Considerations for Franchisors and Franchisees During the COVID-19 Pandemic

 In Business Law

As the COVID-19 pandemic persists, franchisors and franchisees may be uncertain as to their rights and obligations under their existing franchise agreements and in providing and receiving disclosure documentation upon renewal, resale and entering into new franchise agreements.

Continuous Operation

Franchisees who have or may temporarily close their businesses as a result of the COVID-19 pandemic should review their franchise agreements for clauses regarding failure to operate their businesses for a number of consecutive days and determine whether their agreements set out exceptions to the franchisees’ obligation for continuous operation. Franchisors, in turn, will need to consider whether they are able to enforce these contractual obligations on franchisees whose businesses have closed in accordance with government mandates.

Payment of Franchise Fees

Due to the negative impact of COVID-19 on revenue, many franchisees are struggling to pay franchise fees. If your franchise fees are set at a fixed amount to be paid periodically, review your franchise agreement to determine whether late payment or failure to pay franchise fees constitutes a default of your legal obligations. A struggling franchisee may have less cause for concern if the parties have agreed that franchise fees are directly correlated to revenue.

In determining whether to enforce default provisions, franchisors will be wise to consider the costs associated with terminating a franchise agreement and the potential lack of demand and interest (considering the current state of the market) when attempting to replace franchisees.

Force Majeure

Franchisees and franchisors should also review their franchise agreements for force majeur clauses. A force majeur clause may release a franchisee from some or all of its obligations under certain circumstances, such as a pandemic. For more information on force majeur clauses, see our blog entitled COVID-19 and Commercial Agreements – Force Majeure and Frustration.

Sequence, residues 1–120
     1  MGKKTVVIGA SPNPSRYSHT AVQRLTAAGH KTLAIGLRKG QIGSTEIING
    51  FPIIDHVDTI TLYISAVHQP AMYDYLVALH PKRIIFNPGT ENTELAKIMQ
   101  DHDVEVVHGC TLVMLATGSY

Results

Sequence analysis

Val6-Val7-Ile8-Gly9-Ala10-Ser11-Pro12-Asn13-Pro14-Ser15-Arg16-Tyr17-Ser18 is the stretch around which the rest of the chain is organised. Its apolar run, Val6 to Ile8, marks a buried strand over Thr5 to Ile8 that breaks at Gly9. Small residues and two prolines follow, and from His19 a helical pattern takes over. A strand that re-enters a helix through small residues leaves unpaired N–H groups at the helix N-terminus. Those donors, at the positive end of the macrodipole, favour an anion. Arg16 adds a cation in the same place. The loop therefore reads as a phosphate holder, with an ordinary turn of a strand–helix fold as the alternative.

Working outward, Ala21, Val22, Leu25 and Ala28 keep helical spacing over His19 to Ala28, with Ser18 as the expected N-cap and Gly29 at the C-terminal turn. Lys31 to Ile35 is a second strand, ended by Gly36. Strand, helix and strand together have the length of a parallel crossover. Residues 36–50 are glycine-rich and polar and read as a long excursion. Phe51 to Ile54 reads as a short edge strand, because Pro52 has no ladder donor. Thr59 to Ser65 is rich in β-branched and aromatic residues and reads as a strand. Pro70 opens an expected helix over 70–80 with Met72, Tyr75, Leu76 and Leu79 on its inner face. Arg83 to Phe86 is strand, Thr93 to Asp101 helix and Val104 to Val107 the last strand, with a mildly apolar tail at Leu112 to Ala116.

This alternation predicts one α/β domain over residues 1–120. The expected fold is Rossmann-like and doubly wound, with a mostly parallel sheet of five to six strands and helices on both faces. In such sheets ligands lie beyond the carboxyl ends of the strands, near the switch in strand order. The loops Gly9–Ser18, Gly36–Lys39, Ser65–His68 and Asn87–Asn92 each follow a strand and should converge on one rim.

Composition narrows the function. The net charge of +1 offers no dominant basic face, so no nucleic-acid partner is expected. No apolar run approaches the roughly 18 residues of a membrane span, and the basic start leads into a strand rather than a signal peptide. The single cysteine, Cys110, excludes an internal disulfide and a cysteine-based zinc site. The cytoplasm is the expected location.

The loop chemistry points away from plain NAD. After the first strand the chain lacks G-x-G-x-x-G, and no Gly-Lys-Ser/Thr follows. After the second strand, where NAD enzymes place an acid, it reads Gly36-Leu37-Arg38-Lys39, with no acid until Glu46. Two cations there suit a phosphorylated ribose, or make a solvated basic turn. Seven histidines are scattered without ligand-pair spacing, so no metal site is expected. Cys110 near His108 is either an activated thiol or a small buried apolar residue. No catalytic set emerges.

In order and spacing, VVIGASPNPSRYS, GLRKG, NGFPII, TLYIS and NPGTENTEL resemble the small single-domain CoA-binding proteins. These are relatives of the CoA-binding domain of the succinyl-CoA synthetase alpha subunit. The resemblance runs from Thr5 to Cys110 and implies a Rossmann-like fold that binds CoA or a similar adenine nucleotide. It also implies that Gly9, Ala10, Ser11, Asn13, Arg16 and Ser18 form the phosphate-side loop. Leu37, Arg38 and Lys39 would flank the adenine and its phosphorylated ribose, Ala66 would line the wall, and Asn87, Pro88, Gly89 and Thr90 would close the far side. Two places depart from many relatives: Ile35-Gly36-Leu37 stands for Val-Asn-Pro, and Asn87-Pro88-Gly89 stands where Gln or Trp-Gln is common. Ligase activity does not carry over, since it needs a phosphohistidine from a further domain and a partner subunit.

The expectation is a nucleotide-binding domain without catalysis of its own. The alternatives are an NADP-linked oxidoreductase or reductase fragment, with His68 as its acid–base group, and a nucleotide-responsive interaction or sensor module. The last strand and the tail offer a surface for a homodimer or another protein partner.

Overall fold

Addressing COVID-19 in Disclosure Documentation

Prospective franchisees who have received a franchise disclosure document but have not yet signed a franchise agreement, may request (and, if applicable, the franchisor will be required to provide) a statement of material change detailing the impact of COVID-19 on the franchise system. Franchisors should also revise existing disclosure documents to address any changes in training, costs of establishing the franchise, financing programs and timelines and disclose any other information about the franchisor or franchise system that would “reasonably be expected to have a significant effect” on the value of the franchise or on the franchisee’s decision to purchase the franchise.

Conclusion

As market conditions and Canada’s business environment are ever-evolving, it is important for franchisors and franchisees to regularly review their agreements, update one another and work together to resolve issues arising out of changing circumstances and revise disclosure documentation accordingly. If you have questions regarding your franchise agreement or require assistance with disclosure documentation, we recommend that you seek advice from a lawyer with franchise experience.

This blog post was written by Jade Renaud, a member of the Business Law team.  Jade can be reached at 613-369-0373 or at jade.renaud@mannlawyers.com.

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